# Definition:Zero (Number)

This page has been identified as a candidate for refactoring of advanced complexity.In particular: Establish the relationship between this definition and that for the number fields as introduced below.Until this has been finished, please leave
`{{Refactor}}` in the code.
Because of the underlying complexity of the work needed, it is recommended that you do not embark on a refactoring task until you have become familiar with the structural nature of pages of $\mathsf{Pr} \infty \mathsf{fWiki}$.To discuss this page in more detail, feel free to use the talk page.When this work has been completed, you may remove this instance of `{{Refactor}}` from the code. |

## Definition

The number **zero** is defined as being the cardinal of the empty set.

### Naturally Ordered Semigroup

Let $\struct {S, \circ, \preceq}$ be a naturally ordered semigroup.

Then from Naturally Ordered Semigroup Axiom $\text {NO} 1$: Well-Ordered, $\struct {S, \circ, \preceq}$ has a smallest element.

This smallest element of $\struct {S, \circ, \preceq}$ is called **zero** and has the symbol $0$.

That is:

- $\forall n \in S: 0 \preceq n$

### Natural Numbers

### Integers

### Rational Numbers

### Real Numbers

### Complex Numbers

Let $\C$ denote the set of complex numbers.

The **zero** of $\C$ is the complex number:

- $0 + 0 i$

This article is incomplete.In particular: Define this in the context of the standard number fields.You can help $\mathsf{Pr} \infty \mathsf{fWiki}$ by expanding it.To discuss this page in more detail, feel free to use the talk page.When this work has been completed, you may remove this instance of `{{Stub}}` from the code.If you would welcome a second opinion as to whether your work is correct, add a call to `{{Proofread}}` the page. |

## Also known as

The somewhat outdated term **cipher** or **cypher** can on occasion be seen for the number **zero**, especially when used in the context of a **zero digit** in a basis representation.

The words **nought**, or its somewhat old-fashioned form **naught**, can also be seen.

Younger children often use the word **nothing**.

## Also see

## Historical Note

The Babylonians from the $2$nd century BCE used a number base system of arithmetic, with a placeholder to indicate that a particular place within a number was empty, but its use was inconsistent. However, they had no actual recognition of zero as a mathematical concept in its own right.

The Ancient Greeks had no conception of zero as a number.

The concept of zero was invented by the mathematicians of India. The *Bakhshali Manuscript* from the $3$rd century CE contains the first reference to it.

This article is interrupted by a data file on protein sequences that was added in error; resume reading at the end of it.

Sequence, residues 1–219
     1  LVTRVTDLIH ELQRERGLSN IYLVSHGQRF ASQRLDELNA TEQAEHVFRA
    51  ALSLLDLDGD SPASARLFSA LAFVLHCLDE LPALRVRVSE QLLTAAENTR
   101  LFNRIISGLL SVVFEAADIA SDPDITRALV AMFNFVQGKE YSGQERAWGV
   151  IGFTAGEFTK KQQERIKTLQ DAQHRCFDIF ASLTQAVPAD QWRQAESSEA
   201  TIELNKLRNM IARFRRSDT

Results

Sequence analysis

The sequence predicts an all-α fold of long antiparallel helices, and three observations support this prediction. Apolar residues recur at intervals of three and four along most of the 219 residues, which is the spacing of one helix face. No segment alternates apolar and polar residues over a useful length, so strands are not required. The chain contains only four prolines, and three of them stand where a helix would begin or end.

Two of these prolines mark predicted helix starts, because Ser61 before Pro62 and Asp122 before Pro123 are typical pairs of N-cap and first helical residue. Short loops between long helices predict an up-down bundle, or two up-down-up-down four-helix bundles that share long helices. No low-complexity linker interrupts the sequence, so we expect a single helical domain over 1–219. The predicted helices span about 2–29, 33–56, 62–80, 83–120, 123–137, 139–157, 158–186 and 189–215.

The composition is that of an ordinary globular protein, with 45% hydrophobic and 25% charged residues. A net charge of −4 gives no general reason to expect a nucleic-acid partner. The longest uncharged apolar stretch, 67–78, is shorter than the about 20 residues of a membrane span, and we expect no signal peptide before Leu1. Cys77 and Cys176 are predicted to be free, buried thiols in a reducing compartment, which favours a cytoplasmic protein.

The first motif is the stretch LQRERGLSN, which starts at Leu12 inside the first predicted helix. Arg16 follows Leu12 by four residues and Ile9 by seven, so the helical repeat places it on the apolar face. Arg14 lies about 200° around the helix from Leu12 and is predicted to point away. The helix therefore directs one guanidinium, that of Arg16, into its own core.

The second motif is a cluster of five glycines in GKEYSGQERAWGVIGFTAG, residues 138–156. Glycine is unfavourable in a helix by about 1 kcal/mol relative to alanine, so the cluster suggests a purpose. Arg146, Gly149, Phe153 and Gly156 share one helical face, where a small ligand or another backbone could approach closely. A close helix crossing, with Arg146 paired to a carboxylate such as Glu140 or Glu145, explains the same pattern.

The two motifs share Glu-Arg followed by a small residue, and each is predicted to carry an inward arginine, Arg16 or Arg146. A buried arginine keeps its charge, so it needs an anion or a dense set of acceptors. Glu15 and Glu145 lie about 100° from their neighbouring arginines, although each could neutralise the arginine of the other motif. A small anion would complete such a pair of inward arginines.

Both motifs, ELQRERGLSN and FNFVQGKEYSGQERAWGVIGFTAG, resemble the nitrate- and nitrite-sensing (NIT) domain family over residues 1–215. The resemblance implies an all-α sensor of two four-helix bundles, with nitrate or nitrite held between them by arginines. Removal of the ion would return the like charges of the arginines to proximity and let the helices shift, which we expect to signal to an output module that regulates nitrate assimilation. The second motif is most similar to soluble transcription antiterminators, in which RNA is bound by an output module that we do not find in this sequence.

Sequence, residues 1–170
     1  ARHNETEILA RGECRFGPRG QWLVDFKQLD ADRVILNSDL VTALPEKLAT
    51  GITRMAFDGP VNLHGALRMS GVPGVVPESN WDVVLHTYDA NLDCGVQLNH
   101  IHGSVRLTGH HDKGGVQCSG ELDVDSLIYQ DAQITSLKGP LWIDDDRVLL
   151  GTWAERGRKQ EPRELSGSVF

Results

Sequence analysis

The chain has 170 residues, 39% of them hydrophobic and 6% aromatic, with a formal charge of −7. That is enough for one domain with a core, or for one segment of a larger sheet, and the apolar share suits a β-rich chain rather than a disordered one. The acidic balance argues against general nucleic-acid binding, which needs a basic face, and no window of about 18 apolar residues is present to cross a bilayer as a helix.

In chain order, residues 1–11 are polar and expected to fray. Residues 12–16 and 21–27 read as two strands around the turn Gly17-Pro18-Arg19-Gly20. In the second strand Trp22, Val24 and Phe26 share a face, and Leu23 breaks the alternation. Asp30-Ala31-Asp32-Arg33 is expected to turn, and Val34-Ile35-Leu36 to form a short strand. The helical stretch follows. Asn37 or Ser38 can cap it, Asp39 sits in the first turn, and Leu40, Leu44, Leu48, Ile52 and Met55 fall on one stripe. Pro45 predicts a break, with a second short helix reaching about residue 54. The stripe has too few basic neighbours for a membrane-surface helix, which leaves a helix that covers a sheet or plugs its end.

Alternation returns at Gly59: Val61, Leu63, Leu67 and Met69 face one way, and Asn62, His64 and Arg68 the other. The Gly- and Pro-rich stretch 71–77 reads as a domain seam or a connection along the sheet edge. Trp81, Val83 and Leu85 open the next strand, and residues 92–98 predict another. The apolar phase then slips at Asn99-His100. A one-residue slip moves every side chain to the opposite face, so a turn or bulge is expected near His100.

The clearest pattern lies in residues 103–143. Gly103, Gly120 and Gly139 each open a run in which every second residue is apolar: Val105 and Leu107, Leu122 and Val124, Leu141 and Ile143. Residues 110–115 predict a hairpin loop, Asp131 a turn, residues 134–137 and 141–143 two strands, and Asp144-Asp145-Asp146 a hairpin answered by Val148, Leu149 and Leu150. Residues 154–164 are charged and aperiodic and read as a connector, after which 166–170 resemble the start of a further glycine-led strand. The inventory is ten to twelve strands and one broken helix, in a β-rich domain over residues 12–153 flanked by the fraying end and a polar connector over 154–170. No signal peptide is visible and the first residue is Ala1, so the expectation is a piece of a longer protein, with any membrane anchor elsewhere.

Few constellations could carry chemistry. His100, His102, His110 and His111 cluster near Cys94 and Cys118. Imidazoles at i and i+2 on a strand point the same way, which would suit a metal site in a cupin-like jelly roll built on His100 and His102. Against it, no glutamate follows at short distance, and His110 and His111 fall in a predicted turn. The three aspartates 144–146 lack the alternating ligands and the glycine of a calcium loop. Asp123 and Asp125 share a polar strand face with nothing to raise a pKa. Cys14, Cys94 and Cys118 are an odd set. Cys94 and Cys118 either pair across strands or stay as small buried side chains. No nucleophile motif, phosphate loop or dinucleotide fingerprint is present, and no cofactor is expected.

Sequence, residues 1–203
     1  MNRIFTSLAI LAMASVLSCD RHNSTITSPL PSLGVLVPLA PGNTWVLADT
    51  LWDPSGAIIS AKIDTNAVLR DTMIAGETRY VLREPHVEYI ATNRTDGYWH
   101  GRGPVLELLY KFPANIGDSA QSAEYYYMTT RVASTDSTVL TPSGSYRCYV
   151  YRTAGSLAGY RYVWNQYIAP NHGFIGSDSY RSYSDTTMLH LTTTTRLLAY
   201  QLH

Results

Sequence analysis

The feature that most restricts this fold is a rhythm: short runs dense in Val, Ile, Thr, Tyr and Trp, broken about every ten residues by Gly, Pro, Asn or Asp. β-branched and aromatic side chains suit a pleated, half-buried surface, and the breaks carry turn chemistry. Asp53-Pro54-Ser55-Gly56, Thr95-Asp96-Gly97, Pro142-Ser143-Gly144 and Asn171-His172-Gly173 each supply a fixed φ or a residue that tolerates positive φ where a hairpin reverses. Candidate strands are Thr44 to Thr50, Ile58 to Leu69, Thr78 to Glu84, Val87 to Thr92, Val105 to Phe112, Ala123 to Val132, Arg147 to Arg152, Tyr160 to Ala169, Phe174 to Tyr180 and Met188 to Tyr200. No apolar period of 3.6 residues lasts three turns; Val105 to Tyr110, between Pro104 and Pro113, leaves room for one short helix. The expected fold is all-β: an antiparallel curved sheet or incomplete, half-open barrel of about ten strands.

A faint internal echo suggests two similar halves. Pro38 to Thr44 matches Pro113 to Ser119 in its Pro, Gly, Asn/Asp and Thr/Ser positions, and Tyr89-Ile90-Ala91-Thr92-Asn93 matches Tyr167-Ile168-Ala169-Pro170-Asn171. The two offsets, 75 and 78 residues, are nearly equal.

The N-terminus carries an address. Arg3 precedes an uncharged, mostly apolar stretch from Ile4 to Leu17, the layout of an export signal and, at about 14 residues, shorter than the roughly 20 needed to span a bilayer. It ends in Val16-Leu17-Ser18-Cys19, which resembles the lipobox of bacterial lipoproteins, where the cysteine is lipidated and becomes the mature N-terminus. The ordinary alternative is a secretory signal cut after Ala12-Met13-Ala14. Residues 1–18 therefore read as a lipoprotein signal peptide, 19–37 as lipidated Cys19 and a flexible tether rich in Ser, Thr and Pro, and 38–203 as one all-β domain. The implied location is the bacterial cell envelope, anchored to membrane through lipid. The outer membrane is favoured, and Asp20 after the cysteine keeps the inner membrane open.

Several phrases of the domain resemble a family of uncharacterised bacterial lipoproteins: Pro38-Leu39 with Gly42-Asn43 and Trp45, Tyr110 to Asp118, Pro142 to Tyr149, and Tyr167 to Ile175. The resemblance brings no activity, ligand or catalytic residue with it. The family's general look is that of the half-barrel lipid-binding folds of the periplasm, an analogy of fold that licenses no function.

However, even then there were reservations about its existence, and misunderstanding about how it behaved.

In *Ganita Sara Samgraha* of Mahaviracharya, c. $850$ CE appears:

*A number multiplied by zero is zero and that number remains unchanged which is divided by, added to or diminished by zero.*

It was not until the propagation of Arabic numbers, where its use as a placeholder made it important, that it became commonplace.

## Linguistic Note

The Sanskrit word used by the early Indian mathematicians for **zero** was **sunya**, which means **empty**, or **blank**.

In Arabic this was translated as **sifr**.

This was translated via the Latin **zephirum** into various European languages as **zero**, **cifre**, **cifra**, and into English as **zero** and **cipher**.

Note that the plural of **zero** is either **zeros** or **zeroes**. On $\mathsf{Pr} \infty \mathsf{fWiki}$, **zeroes** is preferred.

The word **zero** can also be used as a verb, meaning **to set (a value) to zero** in the context of algorithms and computer science

The word **zeroize** can also be seen in this context.

## Sources

- 1960: Walter Ledermann:
*Complex Numbers*... (previous) ... (next): $\S 1.1$. Number Systems - 1974: Murray R. Spiegel:
*Theory and Problems of Advanced Calculus*(SI ed.) ... (previous) ... (next): Chapter $1$: Numbers: Real Numbers: $2$ - 1975: T.S. Blyth:
*Set Theory and Abstract Algebra*: $\S 8$ - 1981: Murray R. Spiegel:
*Theory and Problems of Complex Variables*(SI ed.) ... (previous) ... (next): Chapter $1$: Complex Numbers: The Real Number System: $2$ - 1986: David Wells:
*Curious and Interesting Numbers*... (previous) ... (next): $-1$ and $i$ - 1997: David Wells:
*Curious and Interesting Numbers*(2nd ed.) ... (previous) ... (next): $-1$ and $i$ - 1998: David Nelson:
*The Penguin Dictionary of Mathematics*(2nd ed.) ... (previous) ... (next):**zero**:**1.** - 2008: David Nelson:
*The Penguin Dictionary of Mathematics*(4th ed.) ... (previous) ... (next):**zero**:**1.** - 2014: Christopher Clapham and James Nicholson:
*The Concise Oxford Dictionary of Mathematics*(5th ed.) ... (previous) ... (next):**zero** - 2021: Richard Earl and James Nicholson:
*The Concise Oxford Dictionary of Mathematics*(6th ed.) ... (previous) ... (next):**zero**